In the 1970s the economic successes of the Common Market were notable. With the Soviet military threat contained behind the Iron Curtain, the western European economies flourished. Living standards rose rapidly. New integrative measures were started such as the European Parliament, the adoption of a single currency, and after the dissolution of the Soviet empire, the abolition of border controls and customs offices in many parts of Europe. These developments owed little to any church initiatives, nor even to representatives of the Ecumenical Movement. As one observer commented, this lack of ecumenical mobilization was in part due to the European Community being regarded as a purely economic and political project in which religious communities could not find a theological basis for participation. Also national churches, which saw themselves as the preservers of their country’s past, were unwilling to take up the cause of others with whom they had no common heritage or language.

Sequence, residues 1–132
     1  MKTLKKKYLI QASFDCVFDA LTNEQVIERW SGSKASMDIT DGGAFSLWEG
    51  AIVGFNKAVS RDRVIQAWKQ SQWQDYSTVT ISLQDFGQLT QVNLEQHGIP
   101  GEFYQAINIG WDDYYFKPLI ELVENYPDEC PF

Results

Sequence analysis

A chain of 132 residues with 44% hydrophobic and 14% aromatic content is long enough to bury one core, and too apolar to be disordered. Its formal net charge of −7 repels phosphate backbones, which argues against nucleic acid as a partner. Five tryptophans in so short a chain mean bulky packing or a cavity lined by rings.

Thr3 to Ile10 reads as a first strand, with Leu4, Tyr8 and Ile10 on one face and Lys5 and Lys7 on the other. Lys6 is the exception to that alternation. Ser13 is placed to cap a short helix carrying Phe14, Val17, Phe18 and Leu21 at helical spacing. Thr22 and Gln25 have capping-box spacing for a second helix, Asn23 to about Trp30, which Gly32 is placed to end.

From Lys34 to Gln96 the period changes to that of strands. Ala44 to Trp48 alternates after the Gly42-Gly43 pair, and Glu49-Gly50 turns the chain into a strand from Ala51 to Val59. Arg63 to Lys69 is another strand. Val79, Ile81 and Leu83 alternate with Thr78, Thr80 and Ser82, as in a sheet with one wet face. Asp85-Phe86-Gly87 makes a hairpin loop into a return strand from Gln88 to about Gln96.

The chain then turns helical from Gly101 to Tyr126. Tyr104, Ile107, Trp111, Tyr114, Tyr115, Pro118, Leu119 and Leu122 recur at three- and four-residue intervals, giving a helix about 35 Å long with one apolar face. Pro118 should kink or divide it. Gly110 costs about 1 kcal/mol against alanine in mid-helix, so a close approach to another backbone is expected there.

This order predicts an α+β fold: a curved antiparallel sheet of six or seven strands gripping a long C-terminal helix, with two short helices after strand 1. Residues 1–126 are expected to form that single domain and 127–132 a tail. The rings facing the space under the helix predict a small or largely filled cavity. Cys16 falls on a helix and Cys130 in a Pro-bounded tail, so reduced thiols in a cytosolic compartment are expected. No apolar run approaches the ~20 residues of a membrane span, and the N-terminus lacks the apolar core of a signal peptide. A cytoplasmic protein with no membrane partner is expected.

In fact, the Ecumenical Movement concentrated more on the personal and pastoral witness amongst the ever growing number of international bureaucrats at the European Community’s offices in Brussels. The hopes of some leading Eurocrats that the churches would take a lead in calling the young and creative forces in Europe to unite behind a common vision were never realized. British churchmen, for instance, remained skeptical about the influence of supra-national technocrats, who were not directly responsible to any national government. The ideal of political integration between different parts of Western Europe therefore remained a nonstarter, since it threatened to curtail relations with Eastern Europe or the developing world outside Europe.. As a result, no common ‘European’ consciousness appeared, transcending national loyalties.